# Special Relativity - Rocket problem (particle mechanics)

1. Jul 25, 2017

### Thales Castro

Problem statement:
A rocket propels itself rectilinearly by giving portions of its mass a constant (backward) velocity $u$ relative to its instantaneous rest frame. It continues to do so until it attains a velocity $v$ relative to its initial rest frame. Prove that the ratio of the initial to the final rest mass of the rocket is given by
$$\frac{m_{i}}{m_{f}} = \left( \frac{c+v}{c-v} \right) ^{\frac{c}{2u}}$$

Attempt at a solution:
Consider, first, the instantaneous rest frame of the rocket at a given time.
The rocket ejects a small mass $dm$ with backward velocity $u$ and has an increase $dv'$ in its velocity. It's rest mass has a new value $m'$, which can be calculated by mass conservation law (considering that $dv'$ is small and $\gamma(dv') \approx 1$):
$$m = dm \gamma(u) + m' \implies m' = m - dm \gamma(u)$$

Then, by conservation of mommentum, we have:
$$0 = -dmu + \left( m-dm \gamma(u) \right) dv'$$
Ignoring second order differentials, we have:
$$dm u = m dv'$$

Now, we need to transform $dv'$ to the velocity measured by the inertial frame in which the rocket had velocity 0 when $t=0$ (lab frame).
Assume the rocket had velocity $v$ at $t = t_{1}$ and had an increase $dv$ after ejecting material. Then, by relativistic velocity transformation (ignoring second order differentials):
$$v + dv = \frac{ v + dv' } { 1+ \frac{vdv'}{c^{2}} } \implies dv' = \frac{1}{1-\frac{v^{2}}{c^{2}} } dv$$

So we have:
$$\frac{u}{m} dm = \frac{1}{1-\frac{v^{2}}{c^{2}} } dv$$
$$\int_{m_{i}}^{m_{f}} \frac{u}{m} dm = \int_{0}^{v} \frac{1}{1-\frac{(v')^{2}}{c^{2}} } dv'$$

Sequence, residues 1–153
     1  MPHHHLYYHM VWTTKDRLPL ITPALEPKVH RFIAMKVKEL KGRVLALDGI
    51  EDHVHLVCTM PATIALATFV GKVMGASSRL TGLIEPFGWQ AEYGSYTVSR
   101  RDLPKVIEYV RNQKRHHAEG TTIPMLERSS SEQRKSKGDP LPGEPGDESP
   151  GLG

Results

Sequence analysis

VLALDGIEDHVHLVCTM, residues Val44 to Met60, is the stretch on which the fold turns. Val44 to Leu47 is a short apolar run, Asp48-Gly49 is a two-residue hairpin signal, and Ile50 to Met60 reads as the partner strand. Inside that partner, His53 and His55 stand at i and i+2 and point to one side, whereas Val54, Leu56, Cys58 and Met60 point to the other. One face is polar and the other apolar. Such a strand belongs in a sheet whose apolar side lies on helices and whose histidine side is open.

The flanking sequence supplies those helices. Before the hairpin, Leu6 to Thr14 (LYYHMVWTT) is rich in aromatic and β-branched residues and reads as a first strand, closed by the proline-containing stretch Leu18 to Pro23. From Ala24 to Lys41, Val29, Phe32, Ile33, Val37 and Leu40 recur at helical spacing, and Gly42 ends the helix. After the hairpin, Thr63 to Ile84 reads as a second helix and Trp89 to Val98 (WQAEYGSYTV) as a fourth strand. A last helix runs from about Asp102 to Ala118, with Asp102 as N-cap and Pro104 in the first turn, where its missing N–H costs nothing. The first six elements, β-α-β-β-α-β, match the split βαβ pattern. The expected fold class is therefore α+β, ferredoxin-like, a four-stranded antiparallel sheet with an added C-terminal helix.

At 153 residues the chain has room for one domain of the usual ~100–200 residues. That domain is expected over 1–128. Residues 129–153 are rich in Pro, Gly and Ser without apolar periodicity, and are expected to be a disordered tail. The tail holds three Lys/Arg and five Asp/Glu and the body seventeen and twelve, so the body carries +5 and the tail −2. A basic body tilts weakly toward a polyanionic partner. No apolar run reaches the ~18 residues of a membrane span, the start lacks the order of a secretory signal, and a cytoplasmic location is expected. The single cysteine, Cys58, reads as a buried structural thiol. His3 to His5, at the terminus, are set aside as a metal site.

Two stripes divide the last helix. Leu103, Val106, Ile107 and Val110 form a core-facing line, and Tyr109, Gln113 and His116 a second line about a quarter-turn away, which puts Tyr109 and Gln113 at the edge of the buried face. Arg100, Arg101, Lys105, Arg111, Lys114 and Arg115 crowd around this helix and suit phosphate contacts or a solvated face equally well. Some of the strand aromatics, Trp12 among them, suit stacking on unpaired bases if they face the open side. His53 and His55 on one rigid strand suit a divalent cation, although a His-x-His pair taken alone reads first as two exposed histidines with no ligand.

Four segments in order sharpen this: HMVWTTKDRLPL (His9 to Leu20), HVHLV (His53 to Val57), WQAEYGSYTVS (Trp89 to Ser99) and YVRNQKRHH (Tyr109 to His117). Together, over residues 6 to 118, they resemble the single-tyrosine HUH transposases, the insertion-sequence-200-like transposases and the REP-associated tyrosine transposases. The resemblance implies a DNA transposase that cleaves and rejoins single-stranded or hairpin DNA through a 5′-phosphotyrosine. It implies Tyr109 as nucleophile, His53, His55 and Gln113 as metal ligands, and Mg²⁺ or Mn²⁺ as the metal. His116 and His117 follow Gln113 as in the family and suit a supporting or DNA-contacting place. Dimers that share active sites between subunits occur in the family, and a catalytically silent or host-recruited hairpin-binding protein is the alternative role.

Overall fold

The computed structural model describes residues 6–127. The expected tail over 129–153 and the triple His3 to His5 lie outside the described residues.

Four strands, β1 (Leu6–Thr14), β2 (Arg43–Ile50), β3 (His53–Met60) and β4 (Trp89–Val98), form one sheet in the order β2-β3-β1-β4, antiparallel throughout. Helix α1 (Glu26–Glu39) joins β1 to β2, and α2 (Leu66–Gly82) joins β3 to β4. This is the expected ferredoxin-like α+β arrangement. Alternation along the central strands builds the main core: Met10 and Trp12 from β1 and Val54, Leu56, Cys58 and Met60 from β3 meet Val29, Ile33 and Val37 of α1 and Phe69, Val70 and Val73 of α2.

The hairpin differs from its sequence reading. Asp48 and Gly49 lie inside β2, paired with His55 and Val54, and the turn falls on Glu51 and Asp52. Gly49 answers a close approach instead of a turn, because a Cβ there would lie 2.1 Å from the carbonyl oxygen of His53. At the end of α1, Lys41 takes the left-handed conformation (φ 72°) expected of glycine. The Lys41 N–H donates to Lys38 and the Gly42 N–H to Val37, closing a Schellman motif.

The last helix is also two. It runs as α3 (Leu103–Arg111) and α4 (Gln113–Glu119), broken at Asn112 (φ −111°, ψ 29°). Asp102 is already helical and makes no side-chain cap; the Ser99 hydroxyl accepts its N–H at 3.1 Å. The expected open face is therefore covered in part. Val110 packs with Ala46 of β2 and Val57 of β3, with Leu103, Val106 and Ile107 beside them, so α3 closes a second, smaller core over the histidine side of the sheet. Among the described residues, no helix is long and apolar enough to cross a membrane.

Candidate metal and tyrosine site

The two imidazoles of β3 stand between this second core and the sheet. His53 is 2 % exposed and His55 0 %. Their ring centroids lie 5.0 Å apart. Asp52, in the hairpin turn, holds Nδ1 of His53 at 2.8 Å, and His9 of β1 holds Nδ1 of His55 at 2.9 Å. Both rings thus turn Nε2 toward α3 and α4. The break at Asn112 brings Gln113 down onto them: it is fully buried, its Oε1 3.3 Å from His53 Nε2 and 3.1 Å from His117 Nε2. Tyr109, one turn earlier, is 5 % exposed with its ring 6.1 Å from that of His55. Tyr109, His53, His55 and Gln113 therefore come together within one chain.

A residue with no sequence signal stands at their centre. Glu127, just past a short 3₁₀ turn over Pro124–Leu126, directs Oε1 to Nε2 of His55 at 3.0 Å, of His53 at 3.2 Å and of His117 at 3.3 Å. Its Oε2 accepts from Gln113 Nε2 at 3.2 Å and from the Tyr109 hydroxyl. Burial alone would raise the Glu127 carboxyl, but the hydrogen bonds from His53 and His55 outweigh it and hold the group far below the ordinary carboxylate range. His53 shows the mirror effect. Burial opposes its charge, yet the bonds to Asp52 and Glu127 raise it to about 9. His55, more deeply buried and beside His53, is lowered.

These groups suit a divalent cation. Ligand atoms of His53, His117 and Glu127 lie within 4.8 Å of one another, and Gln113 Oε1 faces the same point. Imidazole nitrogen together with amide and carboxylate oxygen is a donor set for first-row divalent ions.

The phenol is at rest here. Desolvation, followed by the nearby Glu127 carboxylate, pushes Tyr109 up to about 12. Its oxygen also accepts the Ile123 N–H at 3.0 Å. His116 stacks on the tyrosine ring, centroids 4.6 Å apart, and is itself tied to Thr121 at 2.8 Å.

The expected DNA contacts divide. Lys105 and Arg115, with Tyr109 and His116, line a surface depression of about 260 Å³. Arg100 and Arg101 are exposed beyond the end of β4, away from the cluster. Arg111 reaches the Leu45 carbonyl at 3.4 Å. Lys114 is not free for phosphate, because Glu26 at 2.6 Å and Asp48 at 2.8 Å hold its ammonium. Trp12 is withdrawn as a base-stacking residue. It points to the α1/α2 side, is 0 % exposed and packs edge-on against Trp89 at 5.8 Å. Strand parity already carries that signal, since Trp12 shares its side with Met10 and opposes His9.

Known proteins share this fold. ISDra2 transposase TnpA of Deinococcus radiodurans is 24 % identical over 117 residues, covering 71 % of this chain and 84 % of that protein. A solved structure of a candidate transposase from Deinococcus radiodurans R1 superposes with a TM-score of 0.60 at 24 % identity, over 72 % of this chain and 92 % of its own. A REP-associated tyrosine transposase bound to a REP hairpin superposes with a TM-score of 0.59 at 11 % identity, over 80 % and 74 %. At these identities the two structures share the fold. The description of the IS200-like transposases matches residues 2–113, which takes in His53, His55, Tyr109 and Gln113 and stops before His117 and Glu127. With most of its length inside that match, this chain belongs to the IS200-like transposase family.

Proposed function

Finally:
$$\frac{m_{f}}{m_{i}} = \left| \frac{v+c}{v-c} \right| ^{\frac{c}{2u}}$$

Problem is, the left side should be $\frac{m_{i}}{m_{f}}$. The mistake is most likely on the first two equations, since the relation between the differetials shoud have a minus on one side (since velocity gets bigger when mass is released), but I can't find it. Can anyone help me?

2. Jul 26, 2017

### Orodruin

Staff Emeritus
Your equations are inconsistent. To start off, it is not very illuminating to pick the mass of the ejecta to be $dm$ as this gives you the (false) impression that it is a change in $m$. In fact, $m$ decreases if your selected $dm$ is positive, not the other way around. I suggest that you instead call the energy of the ejected material $dE$ and reserve $dm$ for a change in $m$ that is positive when $m$ increases and negative when it decreases. This is the only way you can connect $dm$ and $m$ in your integration. Otherwise you are not integrating with $dm$ actually being a differential in $m$, it just seems that way because of your improper choice of variables. Your energy equation would then be
$$m = dE + (m+dm)\gamma(dv').$$
I leave it to you to linearise this for small $dE$. Note that $dm$ will be negative when $dE$ is positive!

Note that with your chosen $dm$, your momentum equation is wrong as well. The momentum of a mass $dm$ travelling at a speed $u$ is $u\gamma(u) dm$.

Note: You do not actually need to know the mass of the ejecta. You can use that the momentum $p$ for an object is related to its energy $E$ via $p = uE$, where $u$ is its speed. The result will then be valid for $u = 1$ as well as for $u < 1$.

3. Jul 26, 2017

### Thales Castro

So, from your equation, I have (Since my textbook doesn't assume $c = 1$ for this exercise, I'll just keep it there):

$$mc^{2} = dE + (m+dm) \gamma(dv') c^{2} \implies dE = mc^{2} - (m+dm) \gamma (dv') c^{2}$$

Assuming $p = \frac{u E}{c^{2}}$ and using conservation of mommentum, we have:

$$0 = -u \frac{ mc^{2} - (m+dm) \gamma (dv') c^{2} } {c^{2}} + (m+dm) \gamma(dv') dv'$$

Assuming $\gamma(dv') \approx 1$ and ignoring second order differentials:

$$udm = -mdv'$$

I guess the velocity transformation and the integration are now analogous to what I did on my first attempt, so I'll just stop here.

The will give me the correct answer, but are there any other mistakes in what I did? I still don't feel very comfortable working with energy in relatvity.

4. Jul 26, 2017

### Orodruin

Staff Emeritus
Apart from the energy equation and the definition of $dm$ such that it is the actual change in the mass, the approach is correct.